, Farmers Registered Here
of I ""eht and Dower from thesis
jJb!ssi.,A river. ' '
The total registration of farmers
last week at the College of Agricul
ture was 1,581. Several farmers ar
rived too late to register. That Farm
ers' Week was the best and largest
ever held here in the point of attend
ance and more interest shown
by them than in any previous year, is
the opinion of W. L. Nelson, assistant
state secretary of agriculture.
"The attendance this week was larg
er and better than ever before," said
Dean F. B. Mumford yesterday. "The
largest previous attendance was 1300
registered farmers last year. This
year tbe total attendance was 1580.
In previous years we liave registered
people from Columbia, but this year
only visiting farmers were allowed 10
register. There were more actual
farmers here from a distance than in
dicated by the registration. The most
remarkable i fact of all is that 104
of tbe 114 Missouri counties were rep
resented. Twelve different states
were represented by visiting fanners.
' "My observation la that the farmers
spent more time attending the lectures
and less time visiting than in former
Various state associations-met
and discussed matters pertaining- to
agricultural -production and also leg
islative movements. Committees were
elected to advise the legislators what
the farmers want.
"The banquet given Friday night at
the University Club, was the largest
ever given here, 501 persons being
Robert Pearman is, according to the
judges of the baby show Friday, the
most nearly perfect baby id Columbia.
This decision was reached after little
Robert had been carefully measured
according to the official requirements
and had been examined as to mentality
and alertness. He is the son of W.
R. Pearman, who lives at 2 West
Of a total 100 points Robert was
given 96. The judges declined to
say what particular points It was that
the prize-winning baby lacked, and
they also declined to give his measure
All the babies in the contest were
first divided into three age groups;
the first 6 to 18 months old; the sec
ond, 18 to 30 months, and the third
30 months to 3 years. In the first
group, Carl Smarr, 7 months old, was
the winner; in the second, Stanley
Backus took first place, and in the
third Robert Pearman was declared
winner. Later it was decided that
Robert also had the best claim to the
The Baby Health Contest was held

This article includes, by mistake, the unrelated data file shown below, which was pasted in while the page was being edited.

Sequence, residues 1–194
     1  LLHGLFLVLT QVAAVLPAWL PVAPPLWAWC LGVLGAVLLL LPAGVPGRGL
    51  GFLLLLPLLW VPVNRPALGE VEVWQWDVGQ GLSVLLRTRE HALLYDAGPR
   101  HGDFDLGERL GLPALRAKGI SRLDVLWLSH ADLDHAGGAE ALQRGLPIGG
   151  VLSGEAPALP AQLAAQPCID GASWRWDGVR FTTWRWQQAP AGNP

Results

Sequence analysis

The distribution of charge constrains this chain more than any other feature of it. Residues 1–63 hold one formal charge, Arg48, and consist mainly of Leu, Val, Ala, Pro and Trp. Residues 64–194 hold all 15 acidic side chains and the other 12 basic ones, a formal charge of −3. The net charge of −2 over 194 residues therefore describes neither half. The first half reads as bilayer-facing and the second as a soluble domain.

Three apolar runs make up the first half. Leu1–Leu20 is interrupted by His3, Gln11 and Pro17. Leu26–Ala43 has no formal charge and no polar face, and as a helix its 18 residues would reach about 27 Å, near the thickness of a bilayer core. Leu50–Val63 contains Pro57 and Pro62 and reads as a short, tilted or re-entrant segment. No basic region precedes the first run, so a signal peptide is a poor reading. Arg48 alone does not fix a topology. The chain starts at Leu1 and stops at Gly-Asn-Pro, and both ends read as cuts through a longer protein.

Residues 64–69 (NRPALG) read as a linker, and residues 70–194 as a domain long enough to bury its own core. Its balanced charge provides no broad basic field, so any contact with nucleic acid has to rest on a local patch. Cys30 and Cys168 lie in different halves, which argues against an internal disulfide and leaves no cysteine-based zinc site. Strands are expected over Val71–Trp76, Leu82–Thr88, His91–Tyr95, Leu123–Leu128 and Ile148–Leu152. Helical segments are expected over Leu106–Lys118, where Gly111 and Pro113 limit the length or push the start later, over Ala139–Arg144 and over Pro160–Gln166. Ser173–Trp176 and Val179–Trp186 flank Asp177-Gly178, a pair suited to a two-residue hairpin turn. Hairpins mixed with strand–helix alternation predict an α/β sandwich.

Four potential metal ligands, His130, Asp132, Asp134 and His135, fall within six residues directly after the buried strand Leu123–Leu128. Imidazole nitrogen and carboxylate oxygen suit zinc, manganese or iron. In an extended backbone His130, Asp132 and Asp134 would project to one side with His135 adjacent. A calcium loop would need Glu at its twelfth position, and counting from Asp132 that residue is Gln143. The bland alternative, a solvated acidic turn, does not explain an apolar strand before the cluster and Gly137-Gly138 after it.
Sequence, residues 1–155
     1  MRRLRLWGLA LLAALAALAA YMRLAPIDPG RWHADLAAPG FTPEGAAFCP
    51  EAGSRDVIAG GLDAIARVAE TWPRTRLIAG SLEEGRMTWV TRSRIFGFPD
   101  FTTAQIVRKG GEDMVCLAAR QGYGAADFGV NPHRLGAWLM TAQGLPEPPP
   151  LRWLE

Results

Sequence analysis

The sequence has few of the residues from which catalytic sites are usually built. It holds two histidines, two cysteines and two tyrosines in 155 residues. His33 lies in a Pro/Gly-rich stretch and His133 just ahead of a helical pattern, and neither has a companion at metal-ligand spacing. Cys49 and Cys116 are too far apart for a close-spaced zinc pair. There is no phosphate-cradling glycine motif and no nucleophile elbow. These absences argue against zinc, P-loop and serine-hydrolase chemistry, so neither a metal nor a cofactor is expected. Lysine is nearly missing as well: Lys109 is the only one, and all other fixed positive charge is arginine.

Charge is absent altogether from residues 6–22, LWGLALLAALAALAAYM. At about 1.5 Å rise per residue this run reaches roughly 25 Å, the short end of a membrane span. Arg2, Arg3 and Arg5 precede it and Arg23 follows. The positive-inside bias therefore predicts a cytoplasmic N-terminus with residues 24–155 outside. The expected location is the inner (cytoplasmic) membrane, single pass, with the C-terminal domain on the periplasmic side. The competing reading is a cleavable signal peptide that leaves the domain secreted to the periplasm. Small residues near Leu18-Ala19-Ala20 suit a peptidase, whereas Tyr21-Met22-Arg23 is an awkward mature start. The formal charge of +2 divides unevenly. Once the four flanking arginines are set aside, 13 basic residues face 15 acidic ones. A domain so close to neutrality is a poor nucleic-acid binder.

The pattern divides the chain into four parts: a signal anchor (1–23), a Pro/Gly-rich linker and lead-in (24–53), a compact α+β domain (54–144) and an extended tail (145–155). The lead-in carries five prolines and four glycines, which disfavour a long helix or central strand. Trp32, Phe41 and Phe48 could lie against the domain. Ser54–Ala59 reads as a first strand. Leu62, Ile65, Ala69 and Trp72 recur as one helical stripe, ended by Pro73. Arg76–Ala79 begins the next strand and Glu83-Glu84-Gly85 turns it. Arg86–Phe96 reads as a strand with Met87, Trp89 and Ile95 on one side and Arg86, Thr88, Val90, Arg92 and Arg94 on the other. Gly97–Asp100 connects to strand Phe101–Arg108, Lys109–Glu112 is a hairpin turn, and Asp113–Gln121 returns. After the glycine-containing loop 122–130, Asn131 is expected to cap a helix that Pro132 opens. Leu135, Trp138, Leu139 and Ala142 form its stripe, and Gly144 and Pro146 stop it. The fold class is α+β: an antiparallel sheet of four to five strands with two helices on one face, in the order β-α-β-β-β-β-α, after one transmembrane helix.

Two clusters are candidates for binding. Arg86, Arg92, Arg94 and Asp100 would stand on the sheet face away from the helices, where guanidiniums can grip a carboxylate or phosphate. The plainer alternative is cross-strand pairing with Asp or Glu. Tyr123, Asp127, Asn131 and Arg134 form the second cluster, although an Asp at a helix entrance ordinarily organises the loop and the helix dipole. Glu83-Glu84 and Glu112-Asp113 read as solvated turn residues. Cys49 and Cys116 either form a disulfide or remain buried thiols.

under the auspices of the Missouri
Homemakers' Conference and was in
tended to be an illustration of what
a perfectly formed and developed
child might be.
The medical examination in the con
test was made by Dr. W. J. Calvert,
professor of preventive medicine.
The physical measurements and the
several characteristics were decided
by Miss Rebecca Conway, assistant in
the woman's gymnasium, C. L. Brewer,
professor of physical education and
Dr. C. W. Greene, professor of phy
siology. Twenty-seven infants were
BAPTIST GUILD FOR
'1 tl '-
Dr. T. W.
'- 'i?i j
Minister Here, Explains
the Need of One.
FIRST SERMON TODAY
- t i z, u t g i ' t
Worked Way Through
School While Preparing
' for'the Pulpit'. '
Dr. T. W. Young, the new pastor of
the Baptist Church, will preach to
day. He comes here from Detroit,
Mich., where he has been for seven
years the pastor of the North Baptist
Church. Before that, he held the
pastorate of the church in Ann Arbor,
Mich., twelve , years. Doctor Young
arrived In. Columbia Friday night.
Doctor Young is a graduate of the
Southern Baptist Theological Semin
ary at Louisville, Ky., and of the
Theological Seminary at Jackson,
r . - 1
Man Paul" at 11 o'clock this morn
ing. The night service will begin at
7:30 o'clock. Sunday school will ba
at 9:45 o'clock this morning and the
Christian Endeavor at 6:30 o'clock.
CAR CARRIED 5588 PEOPLE
J. A. Stewart, the Owner, Says Pat
roas Only Use it In Bad Weather.
Columbia's motor bus has carried
55,538 paid passengers since It was
put in operation last May. But it is
not being used as much as was ex
pected, according to J. A. Stewart,
owner of the car. Most of the peo
ple who use It In bad weather walk
when the weather is fair.
"Like all other system,' Mr. Stew
art commented, "ours is imperfect.
Yet tbe car is In running condi
tion most or tne time and pas
sengers can tell within two minutes
of the time it will arrive at a given
"The whistle, to which so many have
been objecting, was stolen and the car
ran for sometime without it. But our
passengers complained about this.
They want the whistle to warn them
when it is coming. For this reason it
must be distinctive."
SO JILL MAY LEARN
' ' OF ROAD BUILDING
Course in'Highway Construc
tion to Be Given at Uni
versity Next Month.
FIRST OF KIND HERE
Opportunity for Everybody
to Get Instruction ' on '
Making of Highways.
SPRAYER BROUGHT HIM $1,680
Now Neighbors Do Not Question E.
S. Bats Sanity. ,
Edward S. Butt of Lafayette Coun
ty netted $4,000 profit from 40 acres
or apples last fall. Eighty-five per
cent of the apples were Bold in class
number 1 at $1.05 a barrel.
Mr. Butts, who attended Farmers
Week, says that he has had the orch
ard for about twenty years without
realizing much profit. Two years
ago he bought a sprayer and began
caring for his orchard. He attributes
last year's profit to spraying.
"When it got out that I had spent
$100 for a sprayer the neighbors talk
ed as if they thought my sanity should
be tested," Mr. Butt said.
Dr. T. W. Young.
KANSAS CITY STAR MEN" HERE